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Josh Trank May Be in Trouble After Possible Fantastic Four Breach of Contract

By Dan Atkerson on August 24, 2015

Employment agreement contractJosh Trank, the director of the recent Fantastic Four reboot, may have cost 20th Century Fox more than $10 million with a single tweet. In response to the abysmal reviews and ratings before the premiere of the film, Trank’s took to Twitter on the eve of the film’s opening weekend with this message, “A year ago, I had a fantastic version of this. And it would have received great reviews. You’ll probably never see. That’s reality though.”

That tweet, which was subsequently removed from Twitter, may have constituted a breach of contract on Trank’s part. One lawyer told The Wrap, an entertainment news site, that Trank likely breached his contract with Fox, assuming the contract “contains the standard terms requiring him to provide professional performance of services, as well as requiring any statements about publicity to be cleared by the studio and refrain from rendering any derogatory remarks.”

This one tweet has been estimated to have cost $10 million or more in ticket sales. The reason being that comic book inspired films have some of the most loyal fans who, for the most part, tend to disregard critic reviews and ratings in favor of director and actor enthusiasm. The fact that Trank openly admitted his disappointment in the film to the masses will have turned away millions of dollars in ticket sales from the target audience, comic book movie lovers.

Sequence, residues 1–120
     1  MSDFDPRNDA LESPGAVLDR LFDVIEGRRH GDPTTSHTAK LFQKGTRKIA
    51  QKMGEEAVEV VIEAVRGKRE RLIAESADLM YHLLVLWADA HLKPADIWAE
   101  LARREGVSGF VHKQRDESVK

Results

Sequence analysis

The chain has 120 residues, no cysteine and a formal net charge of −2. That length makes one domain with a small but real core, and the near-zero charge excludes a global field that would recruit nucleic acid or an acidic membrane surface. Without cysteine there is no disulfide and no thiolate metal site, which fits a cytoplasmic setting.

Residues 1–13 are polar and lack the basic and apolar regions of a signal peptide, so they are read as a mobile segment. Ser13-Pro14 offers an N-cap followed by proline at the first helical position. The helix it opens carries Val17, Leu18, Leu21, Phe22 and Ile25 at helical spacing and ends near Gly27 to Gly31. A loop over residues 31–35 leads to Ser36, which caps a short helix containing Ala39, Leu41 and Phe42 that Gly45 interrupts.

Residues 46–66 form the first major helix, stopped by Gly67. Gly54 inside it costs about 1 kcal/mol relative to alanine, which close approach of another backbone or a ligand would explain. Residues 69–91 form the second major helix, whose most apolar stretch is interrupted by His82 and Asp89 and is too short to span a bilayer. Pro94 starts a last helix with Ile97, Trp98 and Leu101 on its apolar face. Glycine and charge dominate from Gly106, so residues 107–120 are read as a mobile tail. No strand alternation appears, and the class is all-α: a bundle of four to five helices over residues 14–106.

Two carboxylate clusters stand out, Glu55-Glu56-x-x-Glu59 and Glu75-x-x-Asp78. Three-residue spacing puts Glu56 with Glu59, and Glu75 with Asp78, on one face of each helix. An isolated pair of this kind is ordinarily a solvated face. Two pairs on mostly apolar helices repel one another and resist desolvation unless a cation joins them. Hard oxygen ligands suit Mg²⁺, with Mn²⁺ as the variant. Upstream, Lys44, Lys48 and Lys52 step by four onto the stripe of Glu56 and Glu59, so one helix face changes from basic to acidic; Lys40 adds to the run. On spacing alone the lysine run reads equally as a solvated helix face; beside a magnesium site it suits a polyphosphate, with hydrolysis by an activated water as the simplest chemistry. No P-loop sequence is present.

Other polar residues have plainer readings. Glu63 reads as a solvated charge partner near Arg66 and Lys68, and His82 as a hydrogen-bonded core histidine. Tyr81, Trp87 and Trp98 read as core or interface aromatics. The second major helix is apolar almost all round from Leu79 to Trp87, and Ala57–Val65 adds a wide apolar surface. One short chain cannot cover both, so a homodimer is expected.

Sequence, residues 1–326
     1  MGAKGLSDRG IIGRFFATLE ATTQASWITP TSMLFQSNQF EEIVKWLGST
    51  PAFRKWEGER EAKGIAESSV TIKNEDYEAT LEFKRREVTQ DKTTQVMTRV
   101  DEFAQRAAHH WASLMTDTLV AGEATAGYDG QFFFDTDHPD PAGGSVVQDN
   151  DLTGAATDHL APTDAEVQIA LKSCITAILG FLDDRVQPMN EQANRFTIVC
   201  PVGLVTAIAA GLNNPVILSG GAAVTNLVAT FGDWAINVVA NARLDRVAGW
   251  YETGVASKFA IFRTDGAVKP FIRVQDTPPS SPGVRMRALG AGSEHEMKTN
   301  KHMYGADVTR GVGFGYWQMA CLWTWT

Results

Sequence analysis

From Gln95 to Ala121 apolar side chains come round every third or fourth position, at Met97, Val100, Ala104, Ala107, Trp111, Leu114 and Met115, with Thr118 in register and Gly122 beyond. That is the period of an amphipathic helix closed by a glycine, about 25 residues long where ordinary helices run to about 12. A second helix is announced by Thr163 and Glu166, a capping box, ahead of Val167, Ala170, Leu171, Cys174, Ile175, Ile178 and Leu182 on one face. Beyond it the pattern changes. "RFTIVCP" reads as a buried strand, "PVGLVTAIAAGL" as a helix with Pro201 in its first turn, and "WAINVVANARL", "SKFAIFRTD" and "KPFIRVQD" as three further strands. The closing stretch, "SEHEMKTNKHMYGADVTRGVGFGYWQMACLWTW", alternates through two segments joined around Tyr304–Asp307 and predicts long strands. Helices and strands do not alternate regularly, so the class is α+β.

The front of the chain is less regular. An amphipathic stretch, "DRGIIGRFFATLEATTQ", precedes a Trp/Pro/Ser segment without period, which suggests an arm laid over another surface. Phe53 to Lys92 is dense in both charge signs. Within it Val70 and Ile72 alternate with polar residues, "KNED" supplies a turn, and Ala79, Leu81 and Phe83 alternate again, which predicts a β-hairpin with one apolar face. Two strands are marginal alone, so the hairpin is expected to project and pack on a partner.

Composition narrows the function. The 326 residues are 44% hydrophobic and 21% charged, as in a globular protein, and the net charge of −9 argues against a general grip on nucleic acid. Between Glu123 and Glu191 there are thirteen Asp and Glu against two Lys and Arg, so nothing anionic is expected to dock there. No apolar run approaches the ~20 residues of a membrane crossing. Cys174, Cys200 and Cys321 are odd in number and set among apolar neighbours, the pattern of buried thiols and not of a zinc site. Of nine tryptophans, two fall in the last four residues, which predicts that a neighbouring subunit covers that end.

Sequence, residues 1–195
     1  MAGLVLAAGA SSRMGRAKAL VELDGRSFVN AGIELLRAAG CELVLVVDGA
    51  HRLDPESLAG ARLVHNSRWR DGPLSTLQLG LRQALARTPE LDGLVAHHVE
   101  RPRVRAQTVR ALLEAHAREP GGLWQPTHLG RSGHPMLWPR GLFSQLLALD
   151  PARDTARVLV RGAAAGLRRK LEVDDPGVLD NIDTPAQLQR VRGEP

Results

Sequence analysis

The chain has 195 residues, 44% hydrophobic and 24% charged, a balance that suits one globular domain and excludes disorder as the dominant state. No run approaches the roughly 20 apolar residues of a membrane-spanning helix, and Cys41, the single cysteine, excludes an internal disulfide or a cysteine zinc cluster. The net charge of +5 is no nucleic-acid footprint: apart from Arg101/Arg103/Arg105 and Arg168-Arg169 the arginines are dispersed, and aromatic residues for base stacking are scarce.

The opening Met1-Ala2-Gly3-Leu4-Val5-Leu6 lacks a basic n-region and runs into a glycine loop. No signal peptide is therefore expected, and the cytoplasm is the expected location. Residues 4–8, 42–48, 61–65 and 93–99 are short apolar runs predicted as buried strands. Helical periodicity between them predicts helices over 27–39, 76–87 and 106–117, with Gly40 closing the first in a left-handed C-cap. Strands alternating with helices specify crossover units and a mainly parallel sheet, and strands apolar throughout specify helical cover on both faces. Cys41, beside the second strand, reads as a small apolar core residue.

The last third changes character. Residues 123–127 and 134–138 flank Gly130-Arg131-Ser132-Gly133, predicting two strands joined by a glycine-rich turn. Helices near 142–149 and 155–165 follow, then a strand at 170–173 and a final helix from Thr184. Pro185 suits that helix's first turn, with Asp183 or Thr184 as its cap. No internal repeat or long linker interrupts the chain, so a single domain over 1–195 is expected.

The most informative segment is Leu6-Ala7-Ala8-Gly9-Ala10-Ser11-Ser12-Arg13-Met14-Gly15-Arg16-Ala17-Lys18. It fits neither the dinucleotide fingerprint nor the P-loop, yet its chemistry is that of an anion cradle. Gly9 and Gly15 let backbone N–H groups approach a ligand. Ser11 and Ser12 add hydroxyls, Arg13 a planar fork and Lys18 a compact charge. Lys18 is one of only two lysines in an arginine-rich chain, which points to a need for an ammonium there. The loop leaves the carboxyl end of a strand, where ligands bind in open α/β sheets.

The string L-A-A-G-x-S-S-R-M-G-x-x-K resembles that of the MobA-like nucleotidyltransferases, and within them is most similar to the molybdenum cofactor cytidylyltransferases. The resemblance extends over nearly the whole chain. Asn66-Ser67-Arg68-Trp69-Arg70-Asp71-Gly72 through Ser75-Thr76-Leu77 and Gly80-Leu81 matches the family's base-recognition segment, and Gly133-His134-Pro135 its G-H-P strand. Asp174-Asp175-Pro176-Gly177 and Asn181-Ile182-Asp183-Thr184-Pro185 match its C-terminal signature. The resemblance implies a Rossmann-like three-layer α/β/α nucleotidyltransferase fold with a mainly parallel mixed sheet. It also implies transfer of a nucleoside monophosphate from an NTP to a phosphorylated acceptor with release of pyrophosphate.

The film was estimated to bring in about $40 million on the opening weekend, but barely managed to scrape together $25 million. Chris Aronson, head of domestic distribution for Fox, said in an interview with the New York Times that he has “never seen a confluence of events impact the opening of a movie so swiftly.”

There have been other examples of directors turning on their studios, but never on a film of this magnitude. A notable example being Tony Kaye’s displeasure at the end result of American History X. However, there are other avenues that Trank’s could have taken to express his disappointment. He would not have been the first director to have his name removed from the credits.

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